Henry Jules Jean Geoffroy’s 1889 oil on canvas, Une leçon de dessin à l’école primaire illustrates the standardized methods of teaching drawing nationwide in Third Republic France (1870-1940). In the foreground, Geoffroy, commonly known as Géo, depicts male school children copying an architectural plaster cast while the teacher offers points of advice to centrally located pupils. While scholars typically interpret the institution of drawing lessons and images of this sort as a glorification of Republican ideology, France and Academicism, my project discusses the conceptual stakes of particular drawing strategies on theories of knowing, theories of the mind, and understandings of the body. Distinct from previous studies, which largely take the form of institutional critique and focus on the national interests of art education, such as Patricia Mainardi’s The End of the Salon: Art and the State in the Early Third Republic, I articulate the cognitive assumptions underlying artistic curricula. What was the role of the teacher? How did he impart drawing skills to his students? How did one teach skills that became a matter of innate habit or second nature? What did it mean to pass on skills pertaining to second nature of which one has no concrete or material knowledge? Could art be taught? Building from these questions, my project analyzes nineteenth-century conceptions of drawing programs and what it meant for the way society understood learning and the transmission of knowledge more broadly.
As an example of this, my doctoral project looks to the pedagogical programs designed by artist-pedagogue Horace Lecoq de Boisbaudran, architect Eugène Viollet-le-Duc, philosopher Félix Ravaisson, and academician Eugène Guillaume. It also considers the artists studying under their regimes, such as Fantin-Latour, Whistler, and Duchamp. My work examines how the impetus for drawing education became the training of the human mind, eye and hand. I analyze how drawing exercises shaped the way society understood mental faculties and the relationship between mind and body. In doing so, I engage with the field of neuroarthistory and contemporary discourses surrounding the education of the senses. Above all, my research rethinks pedagogy in late nineteenth-century France. I reexamine valorized art historical narratives that largely characterize avant-garde artists as eluding training. I recast widespread perceptions that art does not require training by analyzing drawing education at a moment when skill was allegedly superfluous to art making.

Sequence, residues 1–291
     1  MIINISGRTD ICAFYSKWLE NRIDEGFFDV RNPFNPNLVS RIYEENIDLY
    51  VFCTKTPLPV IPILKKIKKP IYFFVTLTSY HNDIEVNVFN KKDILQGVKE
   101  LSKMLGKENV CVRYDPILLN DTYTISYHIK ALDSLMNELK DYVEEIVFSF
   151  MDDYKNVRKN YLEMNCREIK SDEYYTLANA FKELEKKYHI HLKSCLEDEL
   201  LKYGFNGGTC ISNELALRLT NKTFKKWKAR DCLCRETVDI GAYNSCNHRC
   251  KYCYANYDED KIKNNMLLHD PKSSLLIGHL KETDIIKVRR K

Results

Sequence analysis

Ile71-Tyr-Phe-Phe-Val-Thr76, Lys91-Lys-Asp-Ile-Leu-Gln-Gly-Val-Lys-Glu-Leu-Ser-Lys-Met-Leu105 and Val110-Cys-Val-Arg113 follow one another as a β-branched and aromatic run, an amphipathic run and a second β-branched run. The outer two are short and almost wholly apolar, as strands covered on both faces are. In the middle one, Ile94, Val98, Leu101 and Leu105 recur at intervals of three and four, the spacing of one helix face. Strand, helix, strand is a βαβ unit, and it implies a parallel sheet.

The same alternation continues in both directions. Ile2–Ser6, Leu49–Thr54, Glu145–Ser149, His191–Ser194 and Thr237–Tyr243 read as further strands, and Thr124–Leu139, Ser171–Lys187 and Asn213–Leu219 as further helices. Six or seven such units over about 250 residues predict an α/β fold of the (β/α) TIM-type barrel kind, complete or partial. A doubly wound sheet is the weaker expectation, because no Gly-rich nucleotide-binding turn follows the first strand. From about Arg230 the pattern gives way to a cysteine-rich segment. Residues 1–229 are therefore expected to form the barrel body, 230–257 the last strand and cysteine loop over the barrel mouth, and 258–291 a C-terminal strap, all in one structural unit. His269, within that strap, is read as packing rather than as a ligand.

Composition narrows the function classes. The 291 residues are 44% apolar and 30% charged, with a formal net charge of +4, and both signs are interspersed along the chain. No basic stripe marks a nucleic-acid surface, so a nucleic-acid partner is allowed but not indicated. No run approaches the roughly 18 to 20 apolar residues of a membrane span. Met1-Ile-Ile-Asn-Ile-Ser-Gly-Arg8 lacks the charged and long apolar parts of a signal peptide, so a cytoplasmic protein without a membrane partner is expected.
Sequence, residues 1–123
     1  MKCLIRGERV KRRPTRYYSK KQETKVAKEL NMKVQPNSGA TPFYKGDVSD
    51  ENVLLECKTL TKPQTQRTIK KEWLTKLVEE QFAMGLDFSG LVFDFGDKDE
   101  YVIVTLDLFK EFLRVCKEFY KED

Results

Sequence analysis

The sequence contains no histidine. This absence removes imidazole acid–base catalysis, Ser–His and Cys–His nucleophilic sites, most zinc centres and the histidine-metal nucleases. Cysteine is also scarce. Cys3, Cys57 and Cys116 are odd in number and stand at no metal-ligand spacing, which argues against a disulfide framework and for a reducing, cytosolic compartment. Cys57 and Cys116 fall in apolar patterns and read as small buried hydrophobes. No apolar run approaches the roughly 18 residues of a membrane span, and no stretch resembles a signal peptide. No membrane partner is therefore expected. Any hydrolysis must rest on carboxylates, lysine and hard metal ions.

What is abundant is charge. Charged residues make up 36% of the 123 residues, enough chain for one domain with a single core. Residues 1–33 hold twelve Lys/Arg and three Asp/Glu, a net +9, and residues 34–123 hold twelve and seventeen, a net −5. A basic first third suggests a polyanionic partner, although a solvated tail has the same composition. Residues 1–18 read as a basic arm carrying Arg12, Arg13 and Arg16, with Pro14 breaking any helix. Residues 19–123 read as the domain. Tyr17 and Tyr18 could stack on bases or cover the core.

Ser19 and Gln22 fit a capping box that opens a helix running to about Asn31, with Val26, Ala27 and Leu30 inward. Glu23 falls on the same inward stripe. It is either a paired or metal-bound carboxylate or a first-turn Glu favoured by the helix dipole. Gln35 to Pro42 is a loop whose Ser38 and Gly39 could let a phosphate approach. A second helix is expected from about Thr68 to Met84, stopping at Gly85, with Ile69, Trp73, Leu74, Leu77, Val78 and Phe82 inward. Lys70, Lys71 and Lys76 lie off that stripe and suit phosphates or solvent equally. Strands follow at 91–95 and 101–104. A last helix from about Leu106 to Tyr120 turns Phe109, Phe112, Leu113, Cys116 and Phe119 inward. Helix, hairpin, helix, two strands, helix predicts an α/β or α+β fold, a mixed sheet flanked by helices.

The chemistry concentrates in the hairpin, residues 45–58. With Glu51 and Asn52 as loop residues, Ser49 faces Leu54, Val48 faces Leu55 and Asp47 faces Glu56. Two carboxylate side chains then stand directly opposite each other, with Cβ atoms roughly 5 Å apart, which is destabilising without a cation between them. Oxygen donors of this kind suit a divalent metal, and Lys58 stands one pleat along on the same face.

To date, I have completed all course requirements and finished my comprehensive exam in December 2014. In May 2015, I completed the archival research necessary to write two chapters of my dissertation. I will complete the first chapter, “Drawing Lines, Contracting Habit: Félix Ravaisson and De l’habitude” by November 2015. A Media@McGill fellowship will foster a unique opportunity to direct my efforts to writing the second chapter of my dissertation titled: “Horace Lecoq de Boisbaudran and Visual Memory Training.” It will allow me to spend the winter semester focusing primarily on examining and writing about the archival material I consulted. This fellowship also will allow me to continue pursuing archival research at the Osler Library of the History of Medicine at McGill University. This semester, I generously have been awarded a fellowship from the Osler to study their collection. A Media@McGill fellowship will allow me to continue analyzing primary resources on neurology, psychology and physiology next semester and over the summer. The collection houses materials unavailable online that are crucial to the development of original scholarly research. Resources, such as Paris Medical Theses Collection, will allow me to make connections between art pedagogues’ understanding of the mind and body, and scientists’ conceptions of subjectivity, the self, and human nature, as well as human locomotion and muscle memory.